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SGA holds debate for 2024-25 student body presidential candidates

Siri Patterson
Presidential candidate Jake Jensen and vice presidential candidate Maureen Hammer (right) share a laugh in between questions during the debate on March 26. The pair said their prior experience with SGA will help inform them if elected.
SGA presidential candidate Jake Jenson and vice presidential candidate Maureen Hammer speak on their important policies including promoting diverse communities and campus infrastructure.

The SGA hosted the presidential and vice presidential debate Tuesday at 6:30 p.m. for the upcoming Spring 2024 student government elections.

For one hour, the candidates pleaded their cases for office in Plemmons Student Union, Linville Falls, room 226. They shared their values and goals for their presidencies and answered questions prepared by Elections Chair Savannah Raley as well as those raised by the audience in attendance.

Presidential candidate Kathryn Long, a senior communication sciences and disorders major, is not a member of SGA but her experience working for the tuition and fees committee inspired her to run for office.

 “I saw a space where students needed to be advocated for,” Long said.

Her running mate, vice presidential candidate Amarah Din, has been a member of SGA for three years. She refused requests to join the ballot on multiple occasions but said that when Long approached her with the request to run as her vice president, she “decided that this was the right time to do it, especially with everything that’s going on on campus and that students are facing.”

Kathryn Long (right) and Amarah Din are running as for the president and vice president positions, respectively. Long said on March 26 that the pair works well together because they balance each other out. (Siri Patterson)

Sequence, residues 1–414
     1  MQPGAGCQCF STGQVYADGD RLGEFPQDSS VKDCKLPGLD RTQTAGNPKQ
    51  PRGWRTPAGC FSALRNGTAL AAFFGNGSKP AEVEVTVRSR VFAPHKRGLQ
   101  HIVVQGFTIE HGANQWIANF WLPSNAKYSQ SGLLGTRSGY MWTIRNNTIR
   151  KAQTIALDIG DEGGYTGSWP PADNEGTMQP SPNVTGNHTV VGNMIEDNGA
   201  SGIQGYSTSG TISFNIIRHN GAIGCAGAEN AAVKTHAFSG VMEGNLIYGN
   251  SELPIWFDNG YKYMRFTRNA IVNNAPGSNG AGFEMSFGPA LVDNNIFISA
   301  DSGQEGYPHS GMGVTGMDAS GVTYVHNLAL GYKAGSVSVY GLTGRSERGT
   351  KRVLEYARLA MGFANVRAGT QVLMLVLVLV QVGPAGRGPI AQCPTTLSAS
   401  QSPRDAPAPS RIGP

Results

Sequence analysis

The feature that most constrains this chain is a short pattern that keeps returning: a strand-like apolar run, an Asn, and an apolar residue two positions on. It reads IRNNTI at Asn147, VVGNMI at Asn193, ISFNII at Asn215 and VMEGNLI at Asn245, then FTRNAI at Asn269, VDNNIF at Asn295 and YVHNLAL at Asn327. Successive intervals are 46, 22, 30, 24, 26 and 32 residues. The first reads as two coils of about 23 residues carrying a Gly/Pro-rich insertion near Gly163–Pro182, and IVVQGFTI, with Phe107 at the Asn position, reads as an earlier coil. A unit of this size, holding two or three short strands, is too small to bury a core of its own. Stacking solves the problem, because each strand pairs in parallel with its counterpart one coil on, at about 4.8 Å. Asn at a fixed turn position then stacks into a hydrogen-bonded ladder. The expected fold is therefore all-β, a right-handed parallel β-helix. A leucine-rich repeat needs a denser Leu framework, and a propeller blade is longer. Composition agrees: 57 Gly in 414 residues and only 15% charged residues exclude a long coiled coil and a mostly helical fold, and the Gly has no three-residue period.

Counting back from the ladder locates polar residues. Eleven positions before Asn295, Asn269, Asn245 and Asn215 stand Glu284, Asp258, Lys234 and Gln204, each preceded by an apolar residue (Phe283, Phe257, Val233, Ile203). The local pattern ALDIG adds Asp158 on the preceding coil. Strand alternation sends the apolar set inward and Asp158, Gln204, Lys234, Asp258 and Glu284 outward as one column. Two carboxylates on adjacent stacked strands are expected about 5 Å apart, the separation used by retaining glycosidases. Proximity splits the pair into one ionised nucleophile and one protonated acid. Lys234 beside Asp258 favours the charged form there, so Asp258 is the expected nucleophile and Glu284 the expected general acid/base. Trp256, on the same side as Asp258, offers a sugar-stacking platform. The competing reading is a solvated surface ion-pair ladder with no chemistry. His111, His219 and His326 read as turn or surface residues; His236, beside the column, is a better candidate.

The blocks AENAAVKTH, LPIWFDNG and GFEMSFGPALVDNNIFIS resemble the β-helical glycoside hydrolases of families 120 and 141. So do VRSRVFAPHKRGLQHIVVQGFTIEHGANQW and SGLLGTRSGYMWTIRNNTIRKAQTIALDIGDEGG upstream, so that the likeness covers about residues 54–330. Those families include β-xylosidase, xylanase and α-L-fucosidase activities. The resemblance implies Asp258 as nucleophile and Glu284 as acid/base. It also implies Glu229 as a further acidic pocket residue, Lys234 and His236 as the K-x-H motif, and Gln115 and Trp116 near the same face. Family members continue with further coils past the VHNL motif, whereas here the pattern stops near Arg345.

Presidential candidate Jake Jensen and running mate, vice presidential candidate Maureen Hammer, said they will call on their experiences in leadership to inform their campaign and plans for presidency. 

“We’re running because we understand that the Student Government Association can be a great place for advocacy and we believe that we’ve built all of these connections over our time in this organization that will enable us to be effective advocates,” Jensen said. 

During the course of the debate, Long and Din called attention to the strength of their bond. They were close friends before launching their campaign and they feel that they are a well- balanced team because each of them has strengths in areas where the other struggles. 

“I’m excited for the future of us together in not just this role but also our friendship as she really does ground me when I’m too detail-oriented,” said Long about her goal-oriented running mate.

Jensen recounted the many roles he has held in SGA since arriving at App State. He started as a member of the Senate. He said he “had to learn the ropes of the organization and figure out what being an advocate actually means.”